Why do preachers and worship leaders talk so much about sports these days?

 

“Property of Jesus” baseball cap by CafePress

Q.  I’ve heard you relate how you once went to church and when the first words out of the worship leader’s mouth were something like “How ‘bout them Yankees?” you felt like shouting back, “How ‘bout that Jesus?”  I have the same frustration.  My pastor often gets sidetracked into talking about sports during his sermons.  Why do preachers and worship leaders talk so much about sports these days?

I can think of at least two good reasons to talk about sports during a worship gathering of Jesus’ followers.

For one thing, sports provides many illustrations of the perseverance and dedication that are required to live as followers of Jesus.  The Bible itself models using sports as a metaphor in this way.  In writing to the Corinthians, for example, Paul said, “Do you not know that in a race all the runners run, but only one gets the prize? Run in such a way as to get the prize. Everyone who competes in the games goes into strict training. They do it to get a crown that will not last, but we do it to get a crown that will last forever.”  Paul wrote similarly to Timothy, “Anyone who competes as an athlete does not receive the victor’s crown except by competing according to the rules.”  And Psalm 19 even celebrates God’s creation by comparing the sun to “an athlete eager to run a race.”

A second legitimate use of sports, as I see it, is to “contextualize” the gospel by situating the message of worship and preaching within the milieu in which the hearers live.  When I came to pastor a church in the city where Michigan State University is located, at first I didn’t know any better than to wear my favorite yellow fleece jacket with blue jeans to informal gatherings, thus inadvertently donning the maize-and-blue colors of its arch-rival, the University of Michigan. Some people had such a hard time with this that I had to swap the yellow fleece for a green-and-white MSU sweatshirt, signaling that I was identifying with the community and its popular culture. This set people at ease, creating receptivity and an openness to my ministry.  I believe that carefully chosen verbal references to sports in worship and preaching can signal the same kind of intentional identification.

But this can easily be taken too far. We have to be careful not to use the spiritual authority behind worship and preaching to suggest, even implicitly, that God is on the side of one team and its fans and against other teams and their fans.  I like the answer a priest from Notre Dame gave when asked what God would do when Notre Dame played another Catholic school like Boston College, with the priests at both schools praying that their team would win.  “In that case,” he said, “I think the Lord would just sit back and enjoy a great football game.”  We need to convey this same sense of divine neutrality (and divine interest in a great game, as both teams strive to do their best) when we talk about sports.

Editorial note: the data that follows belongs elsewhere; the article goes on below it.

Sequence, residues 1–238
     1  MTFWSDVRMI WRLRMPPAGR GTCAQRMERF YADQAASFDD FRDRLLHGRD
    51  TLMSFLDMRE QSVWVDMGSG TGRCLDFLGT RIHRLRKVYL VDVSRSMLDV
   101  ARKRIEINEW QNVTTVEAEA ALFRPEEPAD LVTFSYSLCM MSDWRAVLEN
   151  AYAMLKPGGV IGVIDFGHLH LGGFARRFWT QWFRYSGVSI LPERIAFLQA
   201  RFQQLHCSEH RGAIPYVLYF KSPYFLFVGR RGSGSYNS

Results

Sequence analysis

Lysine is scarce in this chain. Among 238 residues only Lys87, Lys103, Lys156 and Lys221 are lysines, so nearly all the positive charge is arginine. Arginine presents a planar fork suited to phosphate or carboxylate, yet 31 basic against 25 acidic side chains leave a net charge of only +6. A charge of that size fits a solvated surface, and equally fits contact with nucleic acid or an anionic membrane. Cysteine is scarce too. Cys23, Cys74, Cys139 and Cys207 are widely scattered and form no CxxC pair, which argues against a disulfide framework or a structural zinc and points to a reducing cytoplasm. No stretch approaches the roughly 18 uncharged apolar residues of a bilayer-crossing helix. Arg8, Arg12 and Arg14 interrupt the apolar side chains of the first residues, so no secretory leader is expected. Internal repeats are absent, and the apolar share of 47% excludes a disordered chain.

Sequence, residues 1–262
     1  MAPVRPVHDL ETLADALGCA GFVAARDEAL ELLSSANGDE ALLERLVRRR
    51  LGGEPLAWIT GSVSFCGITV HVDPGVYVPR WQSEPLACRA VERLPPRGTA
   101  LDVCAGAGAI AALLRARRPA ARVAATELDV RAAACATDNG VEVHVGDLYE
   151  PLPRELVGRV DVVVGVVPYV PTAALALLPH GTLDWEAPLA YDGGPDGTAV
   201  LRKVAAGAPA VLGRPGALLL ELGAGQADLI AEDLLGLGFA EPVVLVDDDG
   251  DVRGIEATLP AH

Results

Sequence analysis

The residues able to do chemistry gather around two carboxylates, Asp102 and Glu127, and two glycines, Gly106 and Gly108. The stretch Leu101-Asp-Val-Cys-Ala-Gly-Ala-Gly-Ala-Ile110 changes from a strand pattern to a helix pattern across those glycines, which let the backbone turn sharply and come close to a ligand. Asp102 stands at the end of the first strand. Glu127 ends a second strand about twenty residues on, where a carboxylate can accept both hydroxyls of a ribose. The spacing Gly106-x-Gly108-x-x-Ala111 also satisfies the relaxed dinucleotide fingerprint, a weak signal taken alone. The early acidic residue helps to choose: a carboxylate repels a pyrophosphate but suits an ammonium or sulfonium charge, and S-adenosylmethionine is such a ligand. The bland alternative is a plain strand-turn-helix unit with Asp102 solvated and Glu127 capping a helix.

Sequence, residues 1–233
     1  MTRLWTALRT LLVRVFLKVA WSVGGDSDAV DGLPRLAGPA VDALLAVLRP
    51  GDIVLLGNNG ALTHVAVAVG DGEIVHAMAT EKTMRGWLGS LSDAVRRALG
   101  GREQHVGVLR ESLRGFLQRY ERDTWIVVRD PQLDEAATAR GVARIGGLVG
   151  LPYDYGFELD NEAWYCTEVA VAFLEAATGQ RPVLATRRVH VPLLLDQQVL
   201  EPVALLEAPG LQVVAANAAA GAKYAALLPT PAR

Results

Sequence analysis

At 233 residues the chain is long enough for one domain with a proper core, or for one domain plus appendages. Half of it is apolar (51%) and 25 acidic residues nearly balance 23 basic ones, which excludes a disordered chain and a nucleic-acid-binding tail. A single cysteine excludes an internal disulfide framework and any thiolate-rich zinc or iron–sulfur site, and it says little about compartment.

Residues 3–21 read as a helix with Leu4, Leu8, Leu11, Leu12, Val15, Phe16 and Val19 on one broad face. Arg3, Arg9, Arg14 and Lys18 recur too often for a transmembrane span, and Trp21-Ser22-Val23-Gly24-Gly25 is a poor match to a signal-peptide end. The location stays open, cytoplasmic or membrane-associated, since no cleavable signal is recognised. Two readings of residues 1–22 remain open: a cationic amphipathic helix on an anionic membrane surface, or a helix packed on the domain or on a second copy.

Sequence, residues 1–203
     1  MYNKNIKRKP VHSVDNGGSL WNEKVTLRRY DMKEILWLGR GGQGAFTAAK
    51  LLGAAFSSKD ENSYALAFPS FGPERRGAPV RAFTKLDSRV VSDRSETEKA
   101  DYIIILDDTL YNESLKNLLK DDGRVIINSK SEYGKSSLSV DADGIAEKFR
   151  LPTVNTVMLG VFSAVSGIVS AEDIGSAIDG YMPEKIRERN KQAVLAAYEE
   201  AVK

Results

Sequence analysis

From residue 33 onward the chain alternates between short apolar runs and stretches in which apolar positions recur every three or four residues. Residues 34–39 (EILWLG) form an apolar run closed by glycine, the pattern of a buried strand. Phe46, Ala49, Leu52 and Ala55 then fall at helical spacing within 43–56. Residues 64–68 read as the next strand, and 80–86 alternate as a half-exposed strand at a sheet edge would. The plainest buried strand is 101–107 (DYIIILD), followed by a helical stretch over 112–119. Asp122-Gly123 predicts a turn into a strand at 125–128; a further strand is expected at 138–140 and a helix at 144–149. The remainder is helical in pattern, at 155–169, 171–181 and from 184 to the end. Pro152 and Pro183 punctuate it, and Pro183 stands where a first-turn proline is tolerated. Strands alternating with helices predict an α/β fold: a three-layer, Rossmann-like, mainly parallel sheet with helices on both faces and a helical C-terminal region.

I think the greatest danger is to imply that being a fan of a certain team is somehow a legitimate defining aspect of a person’s identity.  The spiritual authority behind worship and preaching can convey this message as well, if the local sports team is absorbed as part of the faith community’s identity.  Sometimes I’ll watch a game show on which the players are asked to say three or four defining things about themselves.  Very often they’ll say what kind of work they do, mention their spouses and children, and then say, “I’m also a big fan of such-and-such a team.”  I believe that unless a person is actively involved in promoting a team’s efforts in some practical manner, it’s a dangerous illusion for them to allow their fandom to become a defining aspect of their identity, when they really have nothing to do with how the team (or their favorite NASCAR driver, etc.) performs.  It’s perhaps even more dangerous for a community of Jesus’ followers to let this happen, because then they’re allowing an idol to share the place of honor that belongs to Jesus alone.

This is what I felt happened in the worship service you heard me describe attending.  It was actually Palm Sunday, when we would expect the worship leader to call out something like “Blessed is the One who comes in the name of the Lord!” and have the people respond, “Hosanna in the highest!” to Jesus.  Instead, the worship leader extolled the recent success of a favorite sports team.  I really was tempted to shout back, “How ‘bout that Jesus?”  But that would have been disruptive and disrespectful of the spiritual authority of the worship leader, so I didn’t shout anything back.  But I thank you for your question, which has given me the opportunity to share these reflections.  Sports is one of the greatest idols of contemporary American culture and we need to be very discerning about its presence and influence.

Author: Christopher R Smith

The Rev. Dr. Christopher R. Smith is a writer and biblical scholar who is also an ordained minister. He was active in parish and student ministry for twenty-five years. He was a consulting editor to the International Bible Society (now Biblica) for The Books of the Bible, an edition of the Scriptures that presents the biblical books according to their natural literary outlines, without chapters and verses. His Understanding the Books of the Bible study guide series is keyed to this format. He has an A.B. from Harvard in English and American Literature and Language, a Master of Arts in Theological Studies from Gordon-Conwell, and a Ph.D. in the History of Christian Life and Thought, with a minor concentration in Bible, from Boston College, in the joint program with Andover Newton Theological School.

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